# Integral polytope

An **integral polytope** or **lattice polytope**^{[1]} is a polytope where all vertices can be placed at integer coordinates in Euclidean space. The term is ambiguous without specifying the dimension of Euclidean space; for example, an equilateral triangle is not an integral polytope in 2D, but it is in 3D and above.

If a finite polytope can be represented with rational coordinates then it is an integral polytope as well. Thus some theorems that reference **rational polytopes** apply equally to integral polytopes.

Not all abstract polytopes admit a realization with integer vertex coordinates. All convex simple and simplicial polytopes can be realized as integral polytopes,^{[2]} and all convex polytopes up to rank 3 unconditionally admit integral realizations. But for rank 4 and above, convex polytopes exist that do not have an integral realization. If an integral realization does exist, the magnitudes of coordinates appear to grow doubly exponential in the number of vertices.

## Examples edit

Examples of integral polytopes include

- hypercubes
- orthoplexes
- demihypercubes
- the n -simplex (in
*n*+ 1 dimensions) - the n -permutohedron (in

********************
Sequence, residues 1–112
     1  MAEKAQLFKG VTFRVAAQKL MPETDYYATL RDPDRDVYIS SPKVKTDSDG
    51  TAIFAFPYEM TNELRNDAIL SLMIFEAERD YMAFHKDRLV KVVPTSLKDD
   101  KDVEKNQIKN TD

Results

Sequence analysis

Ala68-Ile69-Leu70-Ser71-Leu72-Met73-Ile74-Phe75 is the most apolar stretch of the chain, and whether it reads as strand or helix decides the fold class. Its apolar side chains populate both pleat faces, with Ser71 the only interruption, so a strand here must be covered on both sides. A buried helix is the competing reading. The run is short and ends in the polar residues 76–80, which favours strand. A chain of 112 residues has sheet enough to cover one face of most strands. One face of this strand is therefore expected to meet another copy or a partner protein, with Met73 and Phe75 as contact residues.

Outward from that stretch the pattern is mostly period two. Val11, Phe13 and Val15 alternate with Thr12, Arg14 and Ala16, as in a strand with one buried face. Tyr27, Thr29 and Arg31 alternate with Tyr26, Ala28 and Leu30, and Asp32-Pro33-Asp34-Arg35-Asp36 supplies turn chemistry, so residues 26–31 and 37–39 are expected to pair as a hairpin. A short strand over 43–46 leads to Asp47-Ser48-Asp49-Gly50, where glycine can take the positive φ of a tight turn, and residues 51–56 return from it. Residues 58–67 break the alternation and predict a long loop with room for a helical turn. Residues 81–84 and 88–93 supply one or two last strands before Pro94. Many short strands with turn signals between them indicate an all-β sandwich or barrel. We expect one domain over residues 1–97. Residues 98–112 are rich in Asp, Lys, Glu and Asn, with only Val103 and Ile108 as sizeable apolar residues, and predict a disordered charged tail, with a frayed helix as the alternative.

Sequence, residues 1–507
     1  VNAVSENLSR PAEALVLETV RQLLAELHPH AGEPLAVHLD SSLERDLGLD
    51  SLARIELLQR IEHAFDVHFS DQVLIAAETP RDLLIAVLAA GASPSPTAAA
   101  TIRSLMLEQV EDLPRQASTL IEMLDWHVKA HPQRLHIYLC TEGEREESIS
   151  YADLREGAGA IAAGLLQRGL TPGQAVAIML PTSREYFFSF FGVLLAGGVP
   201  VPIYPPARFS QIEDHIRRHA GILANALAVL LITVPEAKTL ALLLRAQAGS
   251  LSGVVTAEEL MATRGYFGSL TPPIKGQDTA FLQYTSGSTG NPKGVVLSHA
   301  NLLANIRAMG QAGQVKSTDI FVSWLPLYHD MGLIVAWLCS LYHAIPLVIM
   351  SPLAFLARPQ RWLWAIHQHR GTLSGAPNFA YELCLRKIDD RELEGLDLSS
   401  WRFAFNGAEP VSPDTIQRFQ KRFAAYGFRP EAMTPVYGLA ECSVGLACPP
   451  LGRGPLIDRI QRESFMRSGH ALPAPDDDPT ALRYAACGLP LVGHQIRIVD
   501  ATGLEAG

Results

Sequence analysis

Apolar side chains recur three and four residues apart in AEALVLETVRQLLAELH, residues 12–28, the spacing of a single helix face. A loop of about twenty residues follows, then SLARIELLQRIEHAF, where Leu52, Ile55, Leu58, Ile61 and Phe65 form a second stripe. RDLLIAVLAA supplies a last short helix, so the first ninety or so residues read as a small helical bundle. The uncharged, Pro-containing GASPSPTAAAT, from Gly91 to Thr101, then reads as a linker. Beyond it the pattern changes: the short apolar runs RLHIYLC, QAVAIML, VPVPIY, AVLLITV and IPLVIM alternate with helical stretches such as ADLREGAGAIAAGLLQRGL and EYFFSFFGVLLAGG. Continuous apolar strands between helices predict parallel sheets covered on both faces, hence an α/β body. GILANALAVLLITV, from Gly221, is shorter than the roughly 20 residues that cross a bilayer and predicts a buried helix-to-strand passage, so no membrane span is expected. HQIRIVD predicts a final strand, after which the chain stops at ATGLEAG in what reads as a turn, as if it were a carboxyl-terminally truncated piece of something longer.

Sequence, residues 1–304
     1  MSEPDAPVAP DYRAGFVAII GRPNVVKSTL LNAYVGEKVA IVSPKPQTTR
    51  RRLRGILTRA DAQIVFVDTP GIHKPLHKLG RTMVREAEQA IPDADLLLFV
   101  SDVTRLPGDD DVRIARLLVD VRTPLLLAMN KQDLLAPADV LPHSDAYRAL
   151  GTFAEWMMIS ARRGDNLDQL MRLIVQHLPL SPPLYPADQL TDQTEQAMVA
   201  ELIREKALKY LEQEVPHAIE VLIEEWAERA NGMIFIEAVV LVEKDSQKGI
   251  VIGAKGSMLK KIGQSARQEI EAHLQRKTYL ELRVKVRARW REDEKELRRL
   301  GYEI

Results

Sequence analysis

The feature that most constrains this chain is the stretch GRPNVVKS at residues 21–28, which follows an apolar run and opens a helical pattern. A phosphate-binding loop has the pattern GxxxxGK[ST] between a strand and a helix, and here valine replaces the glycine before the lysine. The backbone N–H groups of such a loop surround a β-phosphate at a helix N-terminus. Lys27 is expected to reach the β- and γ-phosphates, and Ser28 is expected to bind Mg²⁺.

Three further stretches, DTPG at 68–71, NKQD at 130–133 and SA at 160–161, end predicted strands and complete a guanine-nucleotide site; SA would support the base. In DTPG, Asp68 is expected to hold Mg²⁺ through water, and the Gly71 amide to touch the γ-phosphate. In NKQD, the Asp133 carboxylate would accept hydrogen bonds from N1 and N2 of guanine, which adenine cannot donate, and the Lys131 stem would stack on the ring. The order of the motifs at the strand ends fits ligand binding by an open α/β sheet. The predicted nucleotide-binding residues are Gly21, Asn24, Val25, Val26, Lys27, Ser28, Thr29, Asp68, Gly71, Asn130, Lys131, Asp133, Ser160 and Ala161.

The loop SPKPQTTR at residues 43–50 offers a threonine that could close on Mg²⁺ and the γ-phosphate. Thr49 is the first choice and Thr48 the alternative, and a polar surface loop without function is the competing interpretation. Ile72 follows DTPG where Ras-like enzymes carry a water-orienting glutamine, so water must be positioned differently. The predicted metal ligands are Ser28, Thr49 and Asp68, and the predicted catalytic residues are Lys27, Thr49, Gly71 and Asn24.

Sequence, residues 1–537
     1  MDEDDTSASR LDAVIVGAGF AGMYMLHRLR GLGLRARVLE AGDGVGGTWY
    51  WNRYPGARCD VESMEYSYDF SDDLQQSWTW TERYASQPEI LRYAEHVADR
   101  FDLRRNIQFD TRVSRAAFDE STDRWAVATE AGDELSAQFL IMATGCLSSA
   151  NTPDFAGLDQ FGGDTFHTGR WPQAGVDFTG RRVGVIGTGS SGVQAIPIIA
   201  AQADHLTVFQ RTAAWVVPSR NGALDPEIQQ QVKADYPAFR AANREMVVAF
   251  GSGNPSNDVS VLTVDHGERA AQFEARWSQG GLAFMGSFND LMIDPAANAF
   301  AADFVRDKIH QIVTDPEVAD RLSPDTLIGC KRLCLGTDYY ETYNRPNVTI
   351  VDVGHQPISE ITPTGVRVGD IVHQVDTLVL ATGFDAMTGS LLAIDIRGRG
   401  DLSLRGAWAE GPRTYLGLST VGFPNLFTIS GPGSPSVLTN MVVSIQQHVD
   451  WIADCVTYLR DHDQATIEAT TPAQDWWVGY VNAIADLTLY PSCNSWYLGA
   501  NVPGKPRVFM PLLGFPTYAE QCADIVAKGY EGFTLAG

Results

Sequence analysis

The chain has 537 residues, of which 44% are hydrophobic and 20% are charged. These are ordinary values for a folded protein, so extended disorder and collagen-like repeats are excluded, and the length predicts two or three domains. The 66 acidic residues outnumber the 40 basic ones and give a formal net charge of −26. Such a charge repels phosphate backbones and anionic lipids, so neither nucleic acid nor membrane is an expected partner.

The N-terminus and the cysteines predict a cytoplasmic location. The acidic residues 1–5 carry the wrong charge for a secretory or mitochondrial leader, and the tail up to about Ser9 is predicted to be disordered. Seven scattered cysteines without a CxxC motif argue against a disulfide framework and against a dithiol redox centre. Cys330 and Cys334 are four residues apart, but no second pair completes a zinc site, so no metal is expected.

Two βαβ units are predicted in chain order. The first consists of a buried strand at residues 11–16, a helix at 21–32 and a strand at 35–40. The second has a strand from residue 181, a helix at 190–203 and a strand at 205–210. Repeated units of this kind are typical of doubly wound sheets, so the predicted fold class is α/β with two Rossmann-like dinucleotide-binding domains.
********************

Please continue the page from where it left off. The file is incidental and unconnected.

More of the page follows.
*n*+ 1 dimensions) - the n -Birkhoff polytope (in n 2 dimensions)
- the truncated n -simplex (in
*n*+ 1 dimensions) - Farey sunbursts
- Jessen's icosahedron
- Golygons.

## Pick's theorem and Ehrhart polynomials edit

Integral polygons in 2D that lack self-intersections or holes are subject to a simple formula known as Pick's theorem that relate the area of the polygon *A*, the number of lattice points on the boundary *b*, and the number of lattice points in the interior *i*. The theorem states that .

Attempting to generalize Pick's theorem to three dimensions or more requires extra work, as shown by John Reeve in 1957. Consider a tetrahedron whose vertices are located at (0, 0, 0), (1, 0, 0), (0, 1, 0), and (1, 1, *r*) for integer *r* > 0. The volume of this tetrahedron is *r*/6, but the number of interior and boundary lattice points does not change with *r*, so the tetrahedron's volume cannot be a function of *i* and *b*. These tetrahedra are known as Reeve tetrahedra.

The proper generalization to any number of dimensions is given by Ehrhart polynomials. For an *n*-polytope *P* integral in *n* dimensions and positive integer *t*, let *L*(*t*) be the number of lattice points in the boundary and interior of *P* if each vertex in *P* is uniformly scaled from the origin by a factor of *t*. Then *L*(*t*) is a polynomial in *t* with rational coefficients.

## External links edit

- Wikipedia contributors. "Integral polytope".